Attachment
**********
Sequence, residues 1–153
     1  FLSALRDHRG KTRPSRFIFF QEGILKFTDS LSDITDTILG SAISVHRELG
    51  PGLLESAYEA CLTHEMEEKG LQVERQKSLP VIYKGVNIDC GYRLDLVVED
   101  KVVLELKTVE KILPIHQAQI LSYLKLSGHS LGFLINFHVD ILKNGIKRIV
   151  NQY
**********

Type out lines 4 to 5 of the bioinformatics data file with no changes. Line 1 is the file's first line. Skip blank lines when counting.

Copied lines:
   101  KVVLELKTVE KILPIHQAQI LSYLKLSGHS LGFLINFHVD ILKNGIKRIV
   151  NQY